The 3 Myths of Outsourcing (and why you shouldn’t let $10/hour employees run your business)


As the Internet keeps growing, everyone loves to talk about how cheaply they run their business.  Ever wonder why so few talk about the results?

People get writers for $1 to write blogposts (actually great idea if you are search-engine driven, yet if you are trying to impress people…you are paying less than a cup of coffee for your reputation), and brag about the $1…and I rarely hear anyone else bragging about the results, the words.  Because what you paid for was $1, not quality.

I’m not against saving money, just anti-insanity. 
Let me share the 3 Myths of Outsourcing:


Myth 1.  I read the 4-Hour Workweek or the E-Myth, and it’s easy for Tim Ferriss…I’ll just pay someone $10 an hour and forget the rest!

This is my favorite myth;  Ferriss has run a successful business and while he may not be spending the farm for help, he understands that it is the quality of your help, and how much time/money they make/save you, not the price you pay for them.

Key Takeaway;  those entrepreneurs who brag about how little they pay their outsourced workers get what they pay for…it’s not wrong to pay a little extra, because let’s face it, $10/hour is barely minimum wage these days.

Match your expectations to results;  as the old saying goes, garbage in, garbage out…or mediocrity in outsourcing, mediocrity outsourcing.

Myth 2.  I don’t need to watch my business, I pay someone else to do that!

Anyone who has run a business knows that you have to watch your people, encourage them, and yes, even talk with them.  Many people consider outsourcing a rushed, edgy, fractured email or discussion, throwing the kitchen sink at some poor person and expecting them to magically produce results.

Even tougher are those working with people outside their native country;  you think people can’t understand you in English, try it in Russia, or Tagalog, or Mandarin.

Key Takeaway; Outsourcing is not just giving somebody else the responsibility, it is watching and helping them, and understanding that they are likely working with many other people…which is why you get them so cheap.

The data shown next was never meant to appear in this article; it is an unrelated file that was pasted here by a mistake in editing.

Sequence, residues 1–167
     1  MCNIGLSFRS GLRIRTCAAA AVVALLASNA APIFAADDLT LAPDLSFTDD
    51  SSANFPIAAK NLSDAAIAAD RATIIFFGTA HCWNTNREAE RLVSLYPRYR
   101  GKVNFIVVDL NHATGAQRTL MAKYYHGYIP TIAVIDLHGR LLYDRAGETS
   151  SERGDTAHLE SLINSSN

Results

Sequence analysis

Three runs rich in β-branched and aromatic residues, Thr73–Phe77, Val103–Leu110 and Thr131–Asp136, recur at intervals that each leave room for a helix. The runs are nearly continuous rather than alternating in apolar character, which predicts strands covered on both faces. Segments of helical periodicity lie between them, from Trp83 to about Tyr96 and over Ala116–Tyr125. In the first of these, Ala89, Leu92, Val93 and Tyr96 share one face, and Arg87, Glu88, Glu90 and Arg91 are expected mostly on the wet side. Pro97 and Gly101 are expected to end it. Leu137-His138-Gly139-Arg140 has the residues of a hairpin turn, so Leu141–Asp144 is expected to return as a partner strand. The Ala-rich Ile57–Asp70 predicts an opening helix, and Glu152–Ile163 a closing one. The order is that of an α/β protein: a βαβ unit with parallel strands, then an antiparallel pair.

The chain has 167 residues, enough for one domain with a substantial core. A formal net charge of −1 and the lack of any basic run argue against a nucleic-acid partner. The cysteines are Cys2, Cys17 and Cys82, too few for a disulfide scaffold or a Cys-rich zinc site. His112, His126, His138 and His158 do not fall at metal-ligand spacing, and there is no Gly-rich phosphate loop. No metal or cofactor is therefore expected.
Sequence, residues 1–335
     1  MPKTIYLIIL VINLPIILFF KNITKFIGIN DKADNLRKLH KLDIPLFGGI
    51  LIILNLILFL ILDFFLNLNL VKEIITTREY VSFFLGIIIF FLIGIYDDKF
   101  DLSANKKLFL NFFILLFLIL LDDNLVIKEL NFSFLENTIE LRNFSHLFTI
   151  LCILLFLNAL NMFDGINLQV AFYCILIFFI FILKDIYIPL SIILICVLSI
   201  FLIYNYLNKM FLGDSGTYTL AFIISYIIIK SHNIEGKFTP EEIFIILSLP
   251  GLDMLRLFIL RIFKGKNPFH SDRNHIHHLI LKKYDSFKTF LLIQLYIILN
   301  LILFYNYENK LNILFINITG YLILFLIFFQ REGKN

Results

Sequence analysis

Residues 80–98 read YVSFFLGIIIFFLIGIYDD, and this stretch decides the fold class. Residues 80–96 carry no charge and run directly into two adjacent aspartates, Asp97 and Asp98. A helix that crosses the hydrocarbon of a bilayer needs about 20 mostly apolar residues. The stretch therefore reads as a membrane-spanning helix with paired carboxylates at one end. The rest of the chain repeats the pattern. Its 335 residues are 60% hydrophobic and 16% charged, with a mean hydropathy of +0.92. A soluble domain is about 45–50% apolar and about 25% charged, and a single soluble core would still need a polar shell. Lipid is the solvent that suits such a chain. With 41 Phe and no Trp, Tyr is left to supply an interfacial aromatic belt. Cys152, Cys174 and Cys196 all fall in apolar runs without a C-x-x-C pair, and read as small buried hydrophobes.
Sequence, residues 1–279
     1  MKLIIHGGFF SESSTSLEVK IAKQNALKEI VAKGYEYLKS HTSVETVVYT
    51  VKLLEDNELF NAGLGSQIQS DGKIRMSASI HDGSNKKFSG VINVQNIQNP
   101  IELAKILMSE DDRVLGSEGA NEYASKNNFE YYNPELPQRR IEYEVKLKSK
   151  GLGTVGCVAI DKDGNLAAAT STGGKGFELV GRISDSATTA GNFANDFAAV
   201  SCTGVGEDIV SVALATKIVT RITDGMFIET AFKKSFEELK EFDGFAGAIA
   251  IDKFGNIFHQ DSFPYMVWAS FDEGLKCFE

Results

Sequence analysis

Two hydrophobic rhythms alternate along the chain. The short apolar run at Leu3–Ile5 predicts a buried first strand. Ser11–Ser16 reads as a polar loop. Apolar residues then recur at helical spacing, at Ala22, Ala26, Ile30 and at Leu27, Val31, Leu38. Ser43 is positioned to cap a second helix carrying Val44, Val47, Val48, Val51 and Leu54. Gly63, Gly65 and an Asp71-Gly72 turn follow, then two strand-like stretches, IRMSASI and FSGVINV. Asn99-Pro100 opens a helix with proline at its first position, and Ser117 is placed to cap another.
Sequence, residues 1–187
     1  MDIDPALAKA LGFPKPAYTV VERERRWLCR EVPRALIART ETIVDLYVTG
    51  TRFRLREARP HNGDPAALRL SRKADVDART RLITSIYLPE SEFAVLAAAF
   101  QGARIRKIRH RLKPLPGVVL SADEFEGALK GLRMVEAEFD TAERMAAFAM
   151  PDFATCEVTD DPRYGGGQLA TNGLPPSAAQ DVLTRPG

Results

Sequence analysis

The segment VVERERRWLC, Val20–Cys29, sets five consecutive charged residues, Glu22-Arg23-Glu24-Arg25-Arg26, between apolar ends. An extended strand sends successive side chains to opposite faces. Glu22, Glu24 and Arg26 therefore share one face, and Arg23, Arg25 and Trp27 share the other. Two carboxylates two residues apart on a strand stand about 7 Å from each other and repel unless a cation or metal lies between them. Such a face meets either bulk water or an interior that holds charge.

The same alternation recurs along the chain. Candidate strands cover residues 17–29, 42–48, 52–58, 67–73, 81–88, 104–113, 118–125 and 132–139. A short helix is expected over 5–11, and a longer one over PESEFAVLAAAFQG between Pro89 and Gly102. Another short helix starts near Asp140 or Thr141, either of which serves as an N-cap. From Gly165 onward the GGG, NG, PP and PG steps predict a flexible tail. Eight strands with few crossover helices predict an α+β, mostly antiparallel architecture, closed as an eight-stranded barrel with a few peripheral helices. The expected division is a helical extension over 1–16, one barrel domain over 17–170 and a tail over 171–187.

Myth 3.  My outsourcers don’t respond to me and I don’t think they care!

They don’t respond often because you pay them for a few hours a month, so you get those hours when they have them.  One of the smartest people I know wins with outsourcing by calling people, giving them small gifts…and here’s the big secret:

He says thank you, and he’s always touching base — not for a long time, for a quality time so they want to do a good job for him. He was always “selling” his people on how fun it was to be with him, was organized, and paid them on time…and even called when he paid them.

It took no extra time, and generated much better results…and also, he trained them for a few weeks so they understood what they were doing, how to do it, and what the expected turnaround time was.  Just like customers, outsourced employees need to be guided, nurtured, and watched.

Just like a garden, a plant doesn’t grow if you ignore it.  It dies…like the other people, the many, who fail with outsourced employees.

On the other side of the fence is the business who tries to do this all via email, never trying to get the outsourced employee engaged/involved.  They just send requests, get stressed, and don’t realize that if they actually read the emails they send out loud, they would hear a noisy, push, nutty person trying to get someone to do the work.

You get more when you plan, watch, and grow your outsourced workers, then when you expect them to do things while you just sit on the beach.

And they don’t care about you BECAUSE you don’t care about them. 
It’s simple, and real, and happening every day.

Want to get to the beach?  Teach them how to do it, get them to report to you on how they are doing, and touch base with them at least once a week, via phone, so you are both on the same page.

Outsourcing is not a myth, it’s the illusion of doing nothing that is the myth.  Done right, you can do little, but you can never leave them on their own.

Peace
Declan